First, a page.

30 Acts of Kindness: Task 2, Become a Cancer Mentor

During February, I’m celebrating my 30th Birthday with 30 Acts of Kindness suggested by readers
The point of these posts isn’t to “brag” about what I’ve been doing,
but rather to raise awareness about different organizations in Prince
William County and share how you and your family can get involved in
making our area a better place to live.  If you’d like to join me in any
of my assignments, or if you participate in one on your own, I’d love
to get your picture and/or story to share!! I’d love to think this is
making a difference, and I hope that you’ll join me!  

I’m not sure I’m any kind of authority on how to have cancer.  In fact, the type of brain tumor I had, which is called an Ependymoma, may actually be or not be cancer depending on who you ask.  My health insurance, for example, seems to think I’m peachy-keen and don’t need MRIs to check for regrowth.  My oncologist (that’s a cancer doctor) and radiation oncologist (that’s a cancer doctor with lasers) both say the mass in my brain that tried to kill me is probably coming back to try again.  

If it walks like a duck and quacks like a duck…

Anyway, since some cancer centers classify ependymomas as cancer and others don’t, I was actually really nervous about this task, suggested by Meaghan H., because I could see myself being really devistated if I reached out to an organization and they told me I wasn’t “cancery” enough.  

We make up adjectives here on PwcMoms.  It’s okay. 

 Anyhow, there are a few organizations out there designed to help people facing a health crisis by connecting them with survivors.  Tell us about it Beyonce!

Not really, that’s actually her singing “Survivor” to a girl with brain cancer….but it’s a good Kleenex moment.

Two organizations that I’d like to mention are Immerman Angels, which is the group that I registered through, and  What Next.

Both of these groups are designed to offer patient to former-patient connection to help make decision making easier, or just to let people know they’re not alone in what they’re going through.  While all the healthy people that rally around you are incredible, sometimes they just don’t understand (and you hope they never have to) what you’re actually dealing with.  People tell me all the time that I seem so healthy and energetic they’d never guess I was sick- which is what I want them to think, but it’s a lie because I don’t want people to see me struggle or complain, and I think a lot of us do that in our lives, no matter what we’re struggling with.  That’s why it’s so beneficial to link people up who can take off the mask and be real with each other to offer support through shared experience.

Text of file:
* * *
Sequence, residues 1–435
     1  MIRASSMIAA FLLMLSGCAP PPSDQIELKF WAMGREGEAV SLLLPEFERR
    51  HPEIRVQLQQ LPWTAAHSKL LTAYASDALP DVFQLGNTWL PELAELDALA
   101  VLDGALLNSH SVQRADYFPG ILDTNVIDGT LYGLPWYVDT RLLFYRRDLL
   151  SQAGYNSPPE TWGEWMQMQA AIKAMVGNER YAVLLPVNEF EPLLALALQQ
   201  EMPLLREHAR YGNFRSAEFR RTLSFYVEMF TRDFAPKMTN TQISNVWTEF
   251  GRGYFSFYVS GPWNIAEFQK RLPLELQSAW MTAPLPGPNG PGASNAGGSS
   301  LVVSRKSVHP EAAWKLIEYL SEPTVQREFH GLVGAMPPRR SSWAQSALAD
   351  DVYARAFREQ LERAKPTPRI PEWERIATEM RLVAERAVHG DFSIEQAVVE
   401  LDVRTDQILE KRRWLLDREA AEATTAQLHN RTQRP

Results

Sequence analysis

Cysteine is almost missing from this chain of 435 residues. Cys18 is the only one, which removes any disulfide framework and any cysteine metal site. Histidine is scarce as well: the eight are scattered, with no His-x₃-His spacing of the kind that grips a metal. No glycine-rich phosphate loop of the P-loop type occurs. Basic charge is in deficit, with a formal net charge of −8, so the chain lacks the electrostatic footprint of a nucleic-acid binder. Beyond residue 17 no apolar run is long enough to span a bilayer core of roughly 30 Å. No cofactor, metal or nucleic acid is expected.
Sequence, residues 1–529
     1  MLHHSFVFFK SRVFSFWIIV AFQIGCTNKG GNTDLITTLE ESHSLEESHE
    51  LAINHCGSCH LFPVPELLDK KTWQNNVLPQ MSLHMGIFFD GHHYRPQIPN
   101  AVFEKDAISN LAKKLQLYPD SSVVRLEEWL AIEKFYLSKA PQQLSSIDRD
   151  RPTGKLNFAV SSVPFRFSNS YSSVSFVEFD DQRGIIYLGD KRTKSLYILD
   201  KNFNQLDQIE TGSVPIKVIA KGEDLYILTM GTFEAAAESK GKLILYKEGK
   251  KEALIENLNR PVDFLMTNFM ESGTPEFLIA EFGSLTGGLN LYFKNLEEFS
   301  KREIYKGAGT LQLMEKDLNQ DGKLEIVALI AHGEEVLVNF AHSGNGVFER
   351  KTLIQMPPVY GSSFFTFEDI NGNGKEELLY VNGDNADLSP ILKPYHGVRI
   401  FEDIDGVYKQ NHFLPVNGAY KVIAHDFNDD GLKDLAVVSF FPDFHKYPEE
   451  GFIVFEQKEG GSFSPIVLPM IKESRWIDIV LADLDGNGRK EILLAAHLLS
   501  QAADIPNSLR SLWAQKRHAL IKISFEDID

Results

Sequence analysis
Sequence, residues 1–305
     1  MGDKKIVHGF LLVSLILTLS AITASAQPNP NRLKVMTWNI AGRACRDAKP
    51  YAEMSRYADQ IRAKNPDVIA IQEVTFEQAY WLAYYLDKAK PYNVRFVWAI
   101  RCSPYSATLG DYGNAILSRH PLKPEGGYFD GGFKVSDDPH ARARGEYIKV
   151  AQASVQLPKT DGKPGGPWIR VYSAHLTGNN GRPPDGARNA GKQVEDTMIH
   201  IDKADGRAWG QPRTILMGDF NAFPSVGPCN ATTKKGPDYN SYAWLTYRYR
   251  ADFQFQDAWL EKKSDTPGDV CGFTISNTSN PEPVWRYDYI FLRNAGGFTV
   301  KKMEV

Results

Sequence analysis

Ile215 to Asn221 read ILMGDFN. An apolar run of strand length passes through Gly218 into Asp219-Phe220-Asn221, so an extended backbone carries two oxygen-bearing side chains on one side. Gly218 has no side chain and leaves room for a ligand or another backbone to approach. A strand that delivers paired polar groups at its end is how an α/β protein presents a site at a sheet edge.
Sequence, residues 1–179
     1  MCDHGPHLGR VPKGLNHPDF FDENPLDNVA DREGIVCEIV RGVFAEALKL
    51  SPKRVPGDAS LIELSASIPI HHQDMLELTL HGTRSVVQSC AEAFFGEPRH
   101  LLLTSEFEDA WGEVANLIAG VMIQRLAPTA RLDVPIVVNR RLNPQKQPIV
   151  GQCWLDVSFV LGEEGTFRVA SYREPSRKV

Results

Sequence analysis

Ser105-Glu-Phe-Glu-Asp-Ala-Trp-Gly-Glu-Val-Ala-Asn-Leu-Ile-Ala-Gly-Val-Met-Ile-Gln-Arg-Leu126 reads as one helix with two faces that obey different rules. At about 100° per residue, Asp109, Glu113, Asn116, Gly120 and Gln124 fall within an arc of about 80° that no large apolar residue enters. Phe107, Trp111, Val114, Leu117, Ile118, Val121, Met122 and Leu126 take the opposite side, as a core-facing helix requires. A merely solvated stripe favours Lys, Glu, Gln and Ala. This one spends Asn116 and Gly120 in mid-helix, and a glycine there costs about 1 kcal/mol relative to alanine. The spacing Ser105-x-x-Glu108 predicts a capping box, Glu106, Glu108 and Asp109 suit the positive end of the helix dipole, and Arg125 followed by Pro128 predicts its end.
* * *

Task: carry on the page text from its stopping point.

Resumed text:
This assignment took me about 15 minutes total.  I filled out the volunteer form and got a call from a coordinator who asked me a few questions and explained that I could be matched with someone tomorrow or in two years, so to just hang tight.

If you’ve gone through a tough experience, whether it’s cancer, domestic violence, loss of a loved one, or anything else at all, I hope you’ll take this as an invitation to reach out and let your experience help someone else cope.  Showing there’s a light at the end of the tunnel for someone else’s journey can be a tremendous thing.  

Thanks for the idea, Meaghan!! 

(If you participate in my 30 Acts of Kindness by doing one of the activities, or one of your own, shoot me an email or send me a picture to share!! You don’t have to do all 30 things with me, just one act of kindness makes a huge difference in the world!)